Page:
Rohit Sharma's side will do battle with Australia, Afghanistan and a team from Group D – most likely to be Bangladesh – in the next round, though they still have one more pool match to play against Canada on Saturday.

USA are poised to enter Group 2 of the Super 8s along with fellow hosts West Indies and South Africa. The final spot in that section will be filled by either England or Scotland, depending on who progresses from Group B.

As a result of reaching the Super 8s in this competition, Monank Patel's USA team are also now guaranteed qualification to the 2026 T20 World Cup, which will be held in India and Sri Lanka.

Rohit Sharma was left with an overwhelming sense of relief after India staved off a spirited United States to reach the Super 8s at the T20 World Cup.

Rahul Dravid's white-ball side progressed through the group stages with a game to spare after Wednesday's seven-wicket victory over the co-hosts in New York.

Having already overcome struggling Ireland and fierce rivals Pakistan, a third straight win in Group A was enough to send India through as Rohit's team prepare for the latter stages of the tournament.

Suryakumar Yadav's unbeaten half-century proved the difference against the USA, helping his country chase down a 111-run target with 10 balls remaining.

It could have been a different story, however, as India lost Rohit (three) and Virat Kohli to a golden duck in the start to their chase.

That stark warning left a lasting imprint on Rohit's memory as the India captain credited the battling USA showing.

"We knew it was going to be a tough task, scoring that many," Rohit said at his post-match interview. "Credit to us for chasing it down.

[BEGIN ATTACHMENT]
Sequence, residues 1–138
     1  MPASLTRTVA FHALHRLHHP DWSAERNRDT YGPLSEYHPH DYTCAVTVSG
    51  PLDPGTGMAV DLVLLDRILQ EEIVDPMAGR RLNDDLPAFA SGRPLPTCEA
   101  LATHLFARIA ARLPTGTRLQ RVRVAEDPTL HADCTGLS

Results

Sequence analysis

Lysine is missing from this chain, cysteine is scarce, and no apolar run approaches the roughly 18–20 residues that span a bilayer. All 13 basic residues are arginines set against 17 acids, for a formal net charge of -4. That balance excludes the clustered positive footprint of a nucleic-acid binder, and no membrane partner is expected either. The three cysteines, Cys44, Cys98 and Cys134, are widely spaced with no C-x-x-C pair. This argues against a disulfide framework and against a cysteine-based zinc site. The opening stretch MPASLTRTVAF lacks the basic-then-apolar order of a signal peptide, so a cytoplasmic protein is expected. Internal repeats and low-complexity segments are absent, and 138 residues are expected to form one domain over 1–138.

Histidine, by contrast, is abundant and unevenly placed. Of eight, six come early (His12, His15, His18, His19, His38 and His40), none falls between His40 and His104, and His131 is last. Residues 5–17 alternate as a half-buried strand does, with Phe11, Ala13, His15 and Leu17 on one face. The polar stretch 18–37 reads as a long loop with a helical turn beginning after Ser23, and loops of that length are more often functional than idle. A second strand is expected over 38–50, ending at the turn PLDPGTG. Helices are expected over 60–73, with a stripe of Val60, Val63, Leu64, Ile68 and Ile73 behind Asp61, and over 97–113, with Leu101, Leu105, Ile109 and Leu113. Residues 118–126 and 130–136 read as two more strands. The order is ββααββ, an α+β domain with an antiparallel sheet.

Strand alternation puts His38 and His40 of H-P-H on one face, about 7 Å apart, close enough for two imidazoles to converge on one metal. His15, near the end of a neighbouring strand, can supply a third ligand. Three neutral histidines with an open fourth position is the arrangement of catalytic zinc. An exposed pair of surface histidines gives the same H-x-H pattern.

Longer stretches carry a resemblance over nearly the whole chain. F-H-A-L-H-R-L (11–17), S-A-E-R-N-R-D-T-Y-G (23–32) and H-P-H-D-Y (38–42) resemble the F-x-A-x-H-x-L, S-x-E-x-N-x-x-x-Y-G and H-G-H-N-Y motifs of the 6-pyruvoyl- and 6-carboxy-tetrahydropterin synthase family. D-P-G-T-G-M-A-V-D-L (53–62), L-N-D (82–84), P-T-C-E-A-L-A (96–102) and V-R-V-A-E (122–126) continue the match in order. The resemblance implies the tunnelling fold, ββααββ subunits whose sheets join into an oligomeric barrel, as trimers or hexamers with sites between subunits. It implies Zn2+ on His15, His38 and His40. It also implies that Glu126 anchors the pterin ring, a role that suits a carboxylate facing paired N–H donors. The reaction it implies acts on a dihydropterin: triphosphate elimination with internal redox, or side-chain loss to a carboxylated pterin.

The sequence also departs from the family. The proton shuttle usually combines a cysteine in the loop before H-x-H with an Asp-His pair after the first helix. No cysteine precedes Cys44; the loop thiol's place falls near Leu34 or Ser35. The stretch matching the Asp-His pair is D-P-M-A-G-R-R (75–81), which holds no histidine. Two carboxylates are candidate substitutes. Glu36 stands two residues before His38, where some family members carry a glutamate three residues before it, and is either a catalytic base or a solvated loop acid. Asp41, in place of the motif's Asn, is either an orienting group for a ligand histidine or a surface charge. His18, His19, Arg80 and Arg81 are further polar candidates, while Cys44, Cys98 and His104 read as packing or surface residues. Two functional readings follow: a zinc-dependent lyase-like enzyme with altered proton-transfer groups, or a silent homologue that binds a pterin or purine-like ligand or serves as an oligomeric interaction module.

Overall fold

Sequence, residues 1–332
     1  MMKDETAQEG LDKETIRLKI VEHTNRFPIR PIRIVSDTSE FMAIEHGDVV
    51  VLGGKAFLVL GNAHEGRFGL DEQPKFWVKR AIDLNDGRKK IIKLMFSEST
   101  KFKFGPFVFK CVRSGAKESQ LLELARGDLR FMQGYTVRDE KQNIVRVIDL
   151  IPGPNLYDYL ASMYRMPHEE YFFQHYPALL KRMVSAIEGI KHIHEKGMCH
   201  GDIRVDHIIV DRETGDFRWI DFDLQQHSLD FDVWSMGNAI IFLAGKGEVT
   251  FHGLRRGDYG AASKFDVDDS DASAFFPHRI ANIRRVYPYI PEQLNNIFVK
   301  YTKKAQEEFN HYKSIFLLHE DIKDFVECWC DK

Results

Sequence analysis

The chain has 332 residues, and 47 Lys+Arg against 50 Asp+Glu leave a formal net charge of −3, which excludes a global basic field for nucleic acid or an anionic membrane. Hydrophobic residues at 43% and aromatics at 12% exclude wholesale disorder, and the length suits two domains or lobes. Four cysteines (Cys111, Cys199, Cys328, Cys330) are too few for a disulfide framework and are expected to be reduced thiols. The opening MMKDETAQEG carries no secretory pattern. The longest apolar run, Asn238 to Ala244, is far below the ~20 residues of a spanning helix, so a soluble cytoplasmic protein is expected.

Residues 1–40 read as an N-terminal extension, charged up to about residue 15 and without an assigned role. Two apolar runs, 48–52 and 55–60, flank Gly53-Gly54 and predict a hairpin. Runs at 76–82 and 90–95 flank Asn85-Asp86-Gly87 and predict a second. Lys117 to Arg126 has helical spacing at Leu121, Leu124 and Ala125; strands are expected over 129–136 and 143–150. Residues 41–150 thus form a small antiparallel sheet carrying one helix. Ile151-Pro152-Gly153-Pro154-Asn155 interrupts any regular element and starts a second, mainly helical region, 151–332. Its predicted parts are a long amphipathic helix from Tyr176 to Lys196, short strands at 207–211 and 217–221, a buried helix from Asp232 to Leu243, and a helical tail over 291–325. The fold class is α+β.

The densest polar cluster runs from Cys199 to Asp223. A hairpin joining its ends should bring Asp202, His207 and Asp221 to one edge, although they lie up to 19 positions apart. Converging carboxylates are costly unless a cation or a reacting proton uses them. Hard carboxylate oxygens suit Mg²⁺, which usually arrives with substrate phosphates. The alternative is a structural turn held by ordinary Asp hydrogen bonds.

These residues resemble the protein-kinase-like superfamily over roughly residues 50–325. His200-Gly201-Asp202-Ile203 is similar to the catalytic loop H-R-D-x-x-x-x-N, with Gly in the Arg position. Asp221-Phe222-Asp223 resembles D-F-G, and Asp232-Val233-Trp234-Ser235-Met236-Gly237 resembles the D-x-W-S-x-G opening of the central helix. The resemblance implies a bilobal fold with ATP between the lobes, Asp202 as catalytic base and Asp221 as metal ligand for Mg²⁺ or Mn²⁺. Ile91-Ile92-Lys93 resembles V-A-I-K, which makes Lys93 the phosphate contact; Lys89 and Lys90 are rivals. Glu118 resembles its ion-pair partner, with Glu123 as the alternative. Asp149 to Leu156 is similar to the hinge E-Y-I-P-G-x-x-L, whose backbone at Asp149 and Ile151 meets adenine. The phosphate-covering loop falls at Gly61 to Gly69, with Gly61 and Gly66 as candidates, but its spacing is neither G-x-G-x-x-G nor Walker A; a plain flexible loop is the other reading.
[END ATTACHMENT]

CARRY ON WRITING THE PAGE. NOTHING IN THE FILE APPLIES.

"SKY and [Shivam] Dube did well in the end. We knew our bowlers had to take the lead as scoring is tough on this pitch.

"Arshdeep [Singh] started off magnificently. We want options with us. As and when we feel like we could use them, we should be and that's what Dube allowed.

"Being in the Super 8s is a big relief. Playing here wasn't easy, it could've been anyone's game."

USA still have a chance of progressing to the next round after back-to-back victories over Canada and Pakistan.

"The boys were disciplined today, pleased that the game got close," USA captain Aaron Jones said. "We've wanted fans, talked about it for a couple of years.

"We'll come hard against Ireland for sure."

India captain Rohit Sharma described Jasprit Bumrah as a "genius" after he pushed Pakistan closer to an early T20 World Cup elimination on Sunday.

Looking to bounce back from their stunning defeat to the United States, Pakistan appeared to be in the ascendency when they skittled India for 119 before reaching 73-2 in their chase.

However, they slipped to 88-5 as Bumrah dismissed Babar Azam, Mohammed Rizwan and Iftikhar Ahmed, bowling 15 dot balls and only giving up 14 runs in four overs.

Requiring 16 off the final three balls, Pakistan saw Naseem Shah hit a couple of fours when a maximum was required as India held on. 

After falling short with the bat, Rohit knew India would have to rely on their bowlers to make it two wins from two Group A matches.